Tuesday, September 20, 2005

Bonhoeffer: Charismatic Professor and Prophet

Yesterday was my first opportunity to introduce Bonhoeffer's Life Together to the campus community. As with many others, I have found his life's story an inspiration which beckons me to be a better and truer theologian, unwilling to simply live life in an ivory tower. What follows is my attempt to set him and his work into its proper historical and cultural context:

In his recent book, Christ Plays in Ten Thousand Places: A Conversation in Spiritual Theology, Eugene Peterson claims that, “Getting saved is easy; becoming a community is difficult—damnably difficult,” (250). Having just come off a lifetime’s project of translating the entirety of the Bible, perhaps no one has a better insight into this theme than does Peterson. For, it is clear as one reads through the story of both the people of Israel and the emerging Christian community that our call to be “little Christ’s” as Martin Luther suggested, is oftentimes thwarted by our own misperception and misunderstanding. Those of us who use the lectionary on a regular basis, are all too aware of this in the readings from recent weeks—whether it be Peter’s unwillingness to believe in a suffering Jesus or the deaf ears of the people of Judah to the prophet’s pleas for repentance and life change.

Dietrich Bonhoeffer, whose book, Life Together, forms the basis for our thinking this semester, came to understand this difference between some kind of initial encounter with the gospel and the necessity of being converted into a Christian community. A classically-trained, brilliant, young German theologian, Bonhoeffer did his academic work in the wake of the destruction of the modern optimism which had characterized life in Europe prior to the Great War. That war resulted in millions of deaths and the loss of an entire generation—mostly men who were just slightly older than Dietrich. While we rightly mourn the loss of lives on 9/11 or in the recent hurricane in the Gulf, the casualties in both were miniscule compared to what Europe lost in the first quarter of the last century. This unprecedented slaughter by those who called themselves “Christian nations,” led to a severe crisis of faith from which the church in Europe has never fully recovered.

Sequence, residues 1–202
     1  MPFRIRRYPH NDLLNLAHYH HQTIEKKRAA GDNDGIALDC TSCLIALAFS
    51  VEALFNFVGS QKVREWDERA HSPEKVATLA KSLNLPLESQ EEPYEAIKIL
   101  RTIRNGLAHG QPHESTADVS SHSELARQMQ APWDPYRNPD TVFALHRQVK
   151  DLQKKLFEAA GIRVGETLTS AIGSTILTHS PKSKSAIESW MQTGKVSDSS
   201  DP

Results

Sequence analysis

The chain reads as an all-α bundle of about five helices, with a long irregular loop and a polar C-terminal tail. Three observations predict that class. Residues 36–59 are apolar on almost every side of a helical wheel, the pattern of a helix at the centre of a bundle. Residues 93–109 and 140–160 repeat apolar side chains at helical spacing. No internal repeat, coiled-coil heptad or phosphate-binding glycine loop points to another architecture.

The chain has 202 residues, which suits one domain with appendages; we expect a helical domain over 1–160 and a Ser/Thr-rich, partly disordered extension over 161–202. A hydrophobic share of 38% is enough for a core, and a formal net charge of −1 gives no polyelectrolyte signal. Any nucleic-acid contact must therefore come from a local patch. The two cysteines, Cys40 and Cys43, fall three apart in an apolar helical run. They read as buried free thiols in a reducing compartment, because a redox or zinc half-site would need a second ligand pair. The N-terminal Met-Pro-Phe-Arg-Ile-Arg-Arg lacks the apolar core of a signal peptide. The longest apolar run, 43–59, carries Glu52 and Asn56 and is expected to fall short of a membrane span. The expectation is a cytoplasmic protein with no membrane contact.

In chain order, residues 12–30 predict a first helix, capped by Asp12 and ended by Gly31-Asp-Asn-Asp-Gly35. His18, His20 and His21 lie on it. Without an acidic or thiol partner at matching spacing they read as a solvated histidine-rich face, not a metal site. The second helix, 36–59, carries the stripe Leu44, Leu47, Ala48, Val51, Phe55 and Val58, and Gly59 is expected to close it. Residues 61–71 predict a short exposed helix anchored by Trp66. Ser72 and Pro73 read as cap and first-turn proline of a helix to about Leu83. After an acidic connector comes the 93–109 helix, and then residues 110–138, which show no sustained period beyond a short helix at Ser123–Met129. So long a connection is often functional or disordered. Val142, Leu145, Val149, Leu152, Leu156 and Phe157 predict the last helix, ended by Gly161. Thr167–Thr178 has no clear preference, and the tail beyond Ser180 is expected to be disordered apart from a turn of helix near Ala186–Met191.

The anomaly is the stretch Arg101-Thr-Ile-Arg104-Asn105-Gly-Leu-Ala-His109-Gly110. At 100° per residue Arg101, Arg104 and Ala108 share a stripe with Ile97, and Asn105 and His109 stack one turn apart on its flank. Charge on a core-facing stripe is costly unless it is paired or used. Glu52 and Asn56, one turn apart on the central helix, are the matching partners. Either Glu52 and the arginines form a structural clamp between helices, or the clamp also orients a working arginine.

The young Bonhoeffer knew that the tired clichés of the past, that the old paradigm for living one’s life, would no longer work. So, in the early 1930’s he began to beckon several of his more serious students at the University of Berlin to a seminary community in Finkenwalde. I picture the young Bonhoeffer as being someone like my colleagues Gene Dunkley or Christina Smerick, who both ooze a kind of charisma that is attractive to impressionable students. Bonhoeffer’s seminars, his open-ended evening discussions, and field trips, all attracted a number of students, many of whom became his closest colleagues in the nascent church struggle. In 1932, these young theology students began to organize frequent weekend trips to a rented cottage in the country to “talk theology,” to engage in rudimentary spiritual exercises, to take long walks in the woods, and to listen to Bonhoeffer’s record collection. The young Dietrich was absolutely enthralled with two forms of classic Americana: the emerging jazz scene and the old African American spirituals. In fact, he had been tempted a few years earlier to accept a post at Union Theological Seminary in New York City, where he had stood out like a sore thumb at Sunday worship in predominantly black churches where segregation was still deeply imbedded in American culture.

As Bonhoeffer and his younger charges listened to records, cavorted through the countryside, and joined together for prayer and reflection, they began to think seriously about how to form authentic Christian communities through a structured spiritual life into which would be integrated appropriate forms of service to people in need. Though these beginnings in community life were informal and spontaneous, they provided the earliest sparks for the creation of the sense of community which was to be front and center on Bonhoeffer’s agenda for the next decade or so. Bonhoeffer had grown restless with those who spoke of Christianity only from their academic ivory towers, but he was also concerned about the “no-nothingism” that was allowing groups like the Nazis to make inroads into the national church. From this point on, he was interested not merely in reflecting upon the church but in being a part of a church-setting committed to God’s Word, accepting the self-sacrifice embodied in the cross of Jesus Christ. His longing for a type of community that was both courageous and obedient would prove fortuitous in the emergence of the crises which came to face the German nation and the world at large over the next ten to fifteen years.